It’s easy to draw a comparison between A Christmas Story and the Our Gang comedies, as both show a slice of life for children in a similar time period. By being honest with today’s children about the benefits and limitations of that time period, that for all the reductive and romanticized talk of making America great again, there were also some negative aspects to that period in our collective history.
This is not a contemporary left-wing interpretation of the film by any means and, in several aspects, A Christmas Story directly comments on the dangers of over-romanticizing the “good old days.” Yes, Ralphie’s Old Man sees nothing wrong with getting his son a BB gun and teaching him how to properly load the pellets and use it, but what is just as significant is what happens immediately after, in the snowy backyard where the kid goes to test out his new gift.
As historian Eugene B. Bergmann astutely observes, Jean Shepherd, who narrates the film and whose short stories inform the narrative, notoriously hated nostalgia. It is for that reason that careful observers will note that the metal sign responsible for Ralphie’s comeuppance has the words “Golden Age” sprawled across it, a visual reminder that the good old days may be a fun place to visit, but is also a minefield.
This moment in the film highlights one of the film’s understated takeaways: the past can be an enjoyable place to revisit but you ignore its lessons at your risk. The older and wiser adults advocate for Ralphie to opine for something safer and more responsible — “How about a nice football?” — an obvious acknowledgment of the importance of gun safety, and a touching throwback to a time wherein a village could help to raise a child instead of people shutting themselves off in their homes, offices, Netflix queues, and handheld devices. Even in 1983, the film’s director, Bob Clark, was not hoping that children run to their nearest Toys ‘R’ Us and pick up a pretend rifle.
A Christmas Story also pokes fun of the now-popular idea of a mythological “good guy with a gun.” In the film’s first fantasy sequence, Ralphie imagines his house being burglarized by Black Bart and his band of brigands, all comically clad in white and black horizontal-striped shirts. As we watch his parents and little brother Randy huddled together in fear, dependent only on the little boy armed with a toy gun and a lot of bravado, it’s clear we’re supposed to be laughing at the situation, and those who think their diminutive weapons can successfully stave off an organized attack.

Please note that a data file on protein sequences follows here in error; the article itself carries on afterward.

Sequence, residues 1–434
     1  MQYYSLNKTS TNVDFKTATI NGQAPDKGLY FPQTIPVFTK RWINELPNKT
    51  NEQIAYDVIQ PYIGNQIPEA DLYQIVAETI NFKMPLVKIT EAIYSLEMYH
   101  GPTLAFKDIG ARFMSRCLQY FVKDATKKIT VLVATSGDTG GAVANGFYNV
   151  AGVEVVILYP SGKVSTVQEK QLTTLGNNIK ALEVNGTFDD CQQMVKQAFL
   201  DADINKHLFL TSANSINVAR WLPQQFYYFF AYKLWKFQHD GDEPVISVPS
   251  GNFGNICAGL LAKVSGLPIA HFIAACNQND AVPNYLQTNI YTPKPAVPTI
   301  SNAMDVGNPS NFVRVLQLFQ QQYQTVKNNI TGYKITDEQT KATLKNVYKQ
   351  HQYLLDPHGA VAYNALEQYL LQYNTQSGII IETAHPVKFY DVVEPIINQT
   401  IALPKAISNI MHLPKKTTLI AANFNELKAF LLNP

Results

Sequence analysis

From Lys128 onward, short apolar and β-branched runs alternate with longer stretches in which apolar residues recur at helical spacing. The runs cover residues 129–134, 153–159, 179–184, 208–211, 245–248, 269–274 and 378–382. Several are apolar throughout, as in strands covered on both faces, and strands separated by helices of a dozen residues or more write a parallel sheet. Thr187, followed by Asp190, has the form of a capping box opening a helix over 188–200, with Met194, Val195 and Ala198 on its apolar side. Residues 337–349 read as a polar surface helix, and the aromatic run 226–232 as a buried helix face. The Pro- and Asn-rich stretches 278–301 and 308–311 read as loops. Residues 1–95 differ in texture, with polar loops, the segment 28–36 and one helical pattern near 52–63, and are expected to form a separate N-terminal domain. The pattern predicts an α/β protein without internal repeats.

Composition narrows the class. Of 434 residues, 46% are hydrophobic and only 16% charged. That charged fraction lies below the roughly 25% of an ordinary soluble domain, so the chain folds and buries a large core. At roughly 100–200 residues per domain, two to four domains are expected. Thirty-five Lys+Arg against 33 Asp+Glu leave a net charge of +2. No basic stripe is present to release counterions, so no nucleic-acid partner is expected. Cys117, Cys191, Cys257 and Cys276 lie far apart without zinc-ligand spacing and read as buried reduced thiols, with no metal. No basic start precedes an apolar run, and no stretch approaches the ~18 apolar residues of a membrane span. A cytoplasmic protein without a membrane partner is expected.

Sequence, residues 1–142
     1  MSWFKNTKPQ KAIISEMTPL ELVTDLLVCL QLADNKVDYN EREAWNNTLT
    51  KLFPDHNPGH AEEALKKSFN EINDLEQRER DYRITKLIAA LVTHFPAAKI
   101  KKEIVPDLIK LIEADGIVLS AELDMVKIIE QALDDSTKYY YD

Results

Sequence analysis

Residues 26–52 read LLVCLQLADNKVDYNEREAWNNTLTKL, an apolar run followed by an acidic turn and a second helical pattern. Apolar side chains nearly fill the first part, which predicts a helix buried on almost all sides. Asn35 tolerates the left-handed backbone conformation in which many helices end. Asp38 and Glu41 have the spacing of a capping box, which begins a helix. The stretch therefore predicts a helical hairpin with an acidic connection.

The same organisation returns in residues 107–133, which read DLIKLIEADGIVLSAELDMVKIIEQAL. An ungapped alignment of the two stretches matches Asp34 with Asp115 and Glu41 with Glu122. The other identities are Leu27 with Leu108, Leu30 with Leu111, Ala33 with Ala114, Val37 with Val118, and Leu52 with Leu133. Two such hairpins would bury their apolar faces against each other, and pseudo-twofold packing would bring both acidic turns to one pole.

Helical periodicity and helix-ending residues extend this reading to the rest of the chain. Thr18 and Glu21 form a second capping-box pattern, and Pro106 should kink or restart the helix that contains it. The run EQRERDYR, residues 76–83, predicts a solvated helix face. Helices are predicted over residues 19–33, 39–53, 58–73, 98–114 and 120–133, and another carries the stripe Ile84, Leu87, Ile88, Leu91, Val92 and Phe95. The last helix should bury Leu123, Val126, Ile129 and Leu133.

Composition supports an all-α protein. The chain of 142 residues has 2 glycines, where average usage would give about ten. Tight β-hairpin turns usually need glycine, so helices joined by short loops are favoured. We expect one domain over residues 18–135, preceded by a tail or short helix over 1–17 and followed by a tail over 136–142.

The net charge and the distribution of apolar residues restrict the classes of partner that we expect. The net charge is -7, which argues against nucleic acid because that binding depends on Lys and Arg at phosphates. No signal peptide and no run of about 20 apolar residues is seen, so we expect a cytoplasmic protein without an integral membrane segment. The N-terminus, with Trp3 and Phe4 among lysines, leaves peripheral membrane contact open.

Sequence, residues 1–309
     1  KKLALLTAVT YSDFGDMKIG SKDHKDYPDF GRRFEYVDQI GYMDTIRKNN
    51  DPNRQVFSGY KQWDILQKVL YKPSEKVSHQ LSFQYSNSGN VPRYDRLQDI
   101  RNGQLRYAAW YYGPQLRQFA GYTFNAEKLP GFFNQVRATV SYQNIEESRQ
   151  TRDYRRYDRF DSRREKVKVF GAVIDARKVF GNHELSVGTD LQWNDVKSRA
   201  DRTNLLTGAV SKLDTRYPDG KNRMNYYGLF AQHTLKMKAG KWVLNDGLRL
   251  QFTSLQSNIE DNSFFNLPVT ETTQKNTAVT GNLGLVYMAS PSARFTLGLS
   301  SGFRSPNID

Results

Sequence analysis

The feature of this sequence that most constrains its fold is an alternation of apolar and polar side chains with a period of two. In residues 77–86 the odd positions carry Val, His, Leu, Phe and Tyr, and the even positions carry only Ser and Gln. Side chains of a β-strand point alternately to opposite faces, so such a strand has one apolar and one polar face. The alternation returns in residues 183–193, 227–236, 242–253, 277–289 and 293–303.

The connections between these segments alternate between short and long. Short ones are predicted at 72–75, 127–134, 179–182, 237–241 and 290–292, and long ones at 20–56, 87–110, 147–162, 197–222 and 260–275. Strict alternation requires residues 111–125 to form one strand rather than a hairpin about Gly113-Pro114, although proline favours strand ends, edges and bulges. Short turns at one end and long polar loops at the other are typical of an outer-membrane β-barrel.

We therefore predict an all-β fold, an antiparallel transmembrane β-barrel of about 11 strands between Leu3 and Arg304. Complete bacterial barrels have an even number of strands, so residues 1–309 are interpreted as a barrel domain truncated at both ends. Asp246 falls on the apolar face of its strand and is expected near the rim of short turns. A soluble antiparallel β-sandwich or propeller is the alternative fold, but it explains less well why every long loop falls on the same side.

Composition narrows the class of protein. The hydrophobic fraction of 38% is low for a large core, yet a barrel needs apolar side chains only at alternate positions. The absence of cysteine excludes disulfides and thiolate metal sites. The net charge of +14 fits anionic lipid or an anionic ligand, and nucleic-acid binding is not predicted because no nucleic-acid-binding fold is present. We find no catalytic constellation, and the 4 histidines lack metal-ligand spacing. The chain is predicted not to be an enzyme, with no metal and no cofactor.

So, to reduce A Christmas Story to a story about a boy and his gun does the film a disservice. The enduring appeal of the film is that it depicts a fantasy that bears a striking resemblance to real life: children secretly use profanity, botch opportunities to please their parents, and spin their wheels trying to find someone to tell them “yes” when the clear answer is “no.” The movie is cinematic proof of the theory that the more something is personal, the more it is universal.
This is why, even in today’s landscape, A Christmas Story endures, and it would be even better if parents used the annual marathon as a springboard to discuss how times have changed in the three-and-a-half decades since the film’s theatrical release. Our public discourse around guns have changed and with good reason. The risks associated with our children being comfortable with guns were always there, but over the past several decades, too many parents’ worst fears have been realized.
That doesn’t mean we should turn away from our stories of Christmases past, but fairly acknowledge that the same is no longer true of our present.
Editor’s note: Caseen Gaines is the author of the book: A Christmas Story: Behind the Scenes of a Holiday Classic (ECW Press, 2013). He is also the author of books on the making of Back to the Future, The Dark Crystal, and Pee-wee’s Playhouse.